A six-way split is popular not only among Silicon Valley dreamers who (as discussed yesterday in this blog) would like to partition their state. It is also the magic number that the government of Yemen is banking on as it decides how to allocate power to the regions in a way that will mollify those who want to split the country up for good.
|Yemen’s president Abd-Rabbu Mansour Hadi.|
Hm, this doesn’t look quite like a rally for an interim president.
|The partition until 1990|
But it is not just Southerners who want to split away. The Houthi minority in the mountainous north of the country, along the border with Saudi Arabia, also have militias and also control territory. The Houthis are the group that ruled North Yemen when it was the Mutawakelite Kingdom of Yemen, an Arab Revolt successor to the Ottoman Empire. The Mutawakelites were turfed out of power in an Egyptian-led coup d’état in 1962 in a wave of movements that brought Nasserists, Ba’athists and other Arab nationalists to power in the wake of the Suez Canal crisis.
|Apparently some Yemenis wouldn’t mind too much if the South seceded.|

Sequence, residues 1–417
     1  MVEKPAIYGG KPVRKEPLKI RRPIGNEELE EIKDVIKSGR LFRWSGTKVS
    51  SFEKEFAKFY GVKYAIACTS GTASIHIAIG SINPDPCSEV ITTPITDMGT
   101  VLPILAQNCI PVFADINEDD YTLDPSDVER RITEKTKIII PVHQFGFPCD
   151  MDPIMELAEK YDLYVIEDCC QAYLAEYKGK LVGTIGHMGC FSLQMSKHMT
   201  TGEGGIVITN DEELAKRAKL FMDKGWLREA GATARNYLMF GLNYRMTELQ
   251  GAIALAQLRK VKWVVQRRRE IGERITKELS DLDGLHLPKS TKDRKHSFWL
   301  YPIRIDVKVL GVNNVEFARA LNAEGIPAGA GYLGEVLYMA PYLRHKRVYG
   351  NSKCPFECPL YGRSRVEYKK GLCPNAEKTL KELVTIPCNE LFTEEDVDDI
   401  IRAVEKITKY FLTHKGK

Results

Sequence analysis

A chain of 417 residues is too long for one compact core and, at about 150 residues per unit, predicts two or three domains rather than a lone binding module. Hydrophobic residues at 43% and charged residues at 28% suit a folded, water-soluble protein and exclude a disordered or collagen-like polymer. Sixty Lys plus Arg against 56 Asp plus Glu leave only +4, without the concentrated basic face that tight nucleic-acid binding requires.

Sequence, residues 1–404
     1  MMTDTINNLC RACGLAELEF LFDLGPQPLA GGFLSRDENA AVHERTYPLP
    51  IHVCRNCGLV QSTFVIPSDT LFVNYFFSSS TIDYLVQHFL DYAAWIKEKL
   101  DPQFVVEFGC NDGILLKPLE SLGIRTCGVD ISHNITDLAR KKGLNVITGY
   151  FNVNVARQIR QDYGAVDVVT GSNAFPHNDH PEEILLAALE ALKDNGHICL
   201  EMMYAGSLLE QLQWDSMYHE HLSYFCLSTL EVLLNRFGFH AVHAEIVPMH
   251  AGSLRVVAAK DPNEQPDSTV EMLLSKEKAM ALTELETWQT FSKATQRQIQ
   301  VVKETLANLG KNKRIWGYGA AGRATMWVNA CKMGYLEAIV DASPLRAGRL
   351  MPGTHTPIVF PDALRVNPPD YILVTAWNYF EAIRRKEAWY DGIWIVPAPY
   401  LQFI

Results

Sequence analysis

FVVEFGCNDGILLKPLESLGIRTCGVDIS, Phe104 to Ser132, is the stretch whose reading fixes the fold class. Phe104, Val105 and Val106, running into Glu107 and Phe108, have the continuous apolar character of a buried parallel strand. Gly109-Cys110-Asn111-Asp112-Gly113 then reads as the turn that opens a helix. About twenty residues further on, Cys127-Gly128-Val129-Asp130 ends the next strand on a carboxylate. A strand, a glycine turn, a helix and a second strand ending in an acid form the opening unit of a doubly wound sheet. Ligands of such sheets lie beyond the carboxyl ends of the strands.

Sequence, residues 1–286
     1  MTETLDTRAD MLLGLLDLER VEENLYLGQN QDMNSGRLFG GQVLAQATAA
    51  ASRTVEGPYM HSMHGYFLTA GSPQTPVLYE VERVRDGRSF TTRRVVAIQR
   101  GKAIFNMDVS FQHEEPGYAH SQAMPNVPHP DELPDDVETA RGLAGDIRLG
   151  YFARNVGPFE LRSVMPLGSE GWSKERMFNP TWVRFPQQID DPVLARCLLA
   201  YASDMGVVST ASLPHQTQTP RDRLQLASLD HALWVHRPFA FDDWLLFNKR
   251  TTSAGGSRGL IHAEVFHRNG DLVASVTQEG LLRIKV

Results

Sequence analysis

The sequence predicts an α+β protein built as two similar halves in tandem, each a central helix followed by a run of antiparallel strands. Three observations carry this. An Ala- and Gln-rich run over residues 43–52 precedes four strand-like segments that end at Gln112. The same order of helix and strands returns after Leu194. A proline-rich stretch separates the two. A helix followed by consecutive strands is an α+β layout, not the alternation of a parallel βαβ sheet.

|The situation in Yemen early on in the Arab Spring, when the current conflict began ...|
|... and the state of play a little later on.|
(Both maps are from the excellent and worthwhile Political Geography Now website.)
|The Emirate of Waqar was short-lived.|
|Southern separatists with their flag|
[You can read more about South Yemen and other separatist movements, from the well known to the bizarre and obscure, in my new book, a sort of encyclopedic atlas just published by Litwin Books under the title Let’s Split! A Complete Guide to Separatist Movements and Aspirant Nations, from Abkhazia to Zanzibar. The book, which contains 46 maps and 554 flags (or, more accurately, 554 flag images), is available for order now on Amazon. Meanwhile, please “like” the book (even if you haven’t read it yet) on Facebook and see this special announcement for more information on the book.]